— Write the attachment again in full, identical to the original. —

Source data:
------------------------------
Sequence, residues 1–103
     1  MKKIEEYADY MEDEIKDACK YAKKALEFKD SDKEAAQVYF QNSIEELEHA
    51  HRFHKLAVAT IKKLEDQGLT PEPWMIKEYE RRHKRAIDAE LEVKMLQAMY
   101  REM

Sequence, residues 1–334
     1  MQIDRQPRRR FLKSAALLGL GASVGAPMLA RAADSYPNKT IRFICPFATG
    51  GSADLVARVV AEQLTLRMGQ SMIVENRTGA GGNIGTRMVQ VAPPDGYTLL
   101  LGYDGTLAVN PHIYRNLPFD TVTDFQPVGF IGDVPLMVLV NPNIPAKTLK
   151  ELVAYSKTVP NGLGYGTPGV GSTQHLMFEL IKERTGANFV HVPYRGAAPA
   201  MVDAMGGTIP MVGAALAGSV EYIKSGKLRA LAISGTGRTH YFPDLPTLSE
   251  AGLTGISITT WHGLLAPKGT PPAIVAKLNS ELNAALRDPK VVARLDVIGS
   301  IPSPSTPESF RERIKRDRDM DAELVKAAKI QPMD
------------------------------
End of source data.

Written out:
Sequence, residues 1–103
     1  MKKIEEYADY MEDEIKDACK YAKKALEFKD SDKEAAQVYF QNSIEELEHA
    51  HRFHKLAVAT IKKLEDQGLT PEPWMIKEYE RRHKRAIDAE LEVKMLQAMY
   101  REM

Sequence, residues 1–334
     1  MQIDRQPRRR FLKSAALLGL GASVGAPMLA RAADSYPNKT IRFICPFATG
    51  GSADLVARVV AEQLTLRMGQ SMIVENRTGA GGNIGTRMVQ VAPPDGYTLL
   101  LGYDGTLAVN PHIYRNLPFD TVTDFQPVGF IGDVPLMVLV NPNIPAKTLK
   151  ELVAYSKTVP NGLGYGTPGV GSTQHLMFEL IKERTGANFV HVPYRGAAPA
   201  MVDAMGGTIP MVGAALAGSV EYIKSGKLRA LAISGTGRTH YFPDLPTLSE
   251  AGLTGISITT WHGLLAPKGT PPAIVAKLNS ELNAALRDPK VVARLDVIGS
   301  IPSPSTPESF RERIKRDRDM DAELVKAAKI QPMD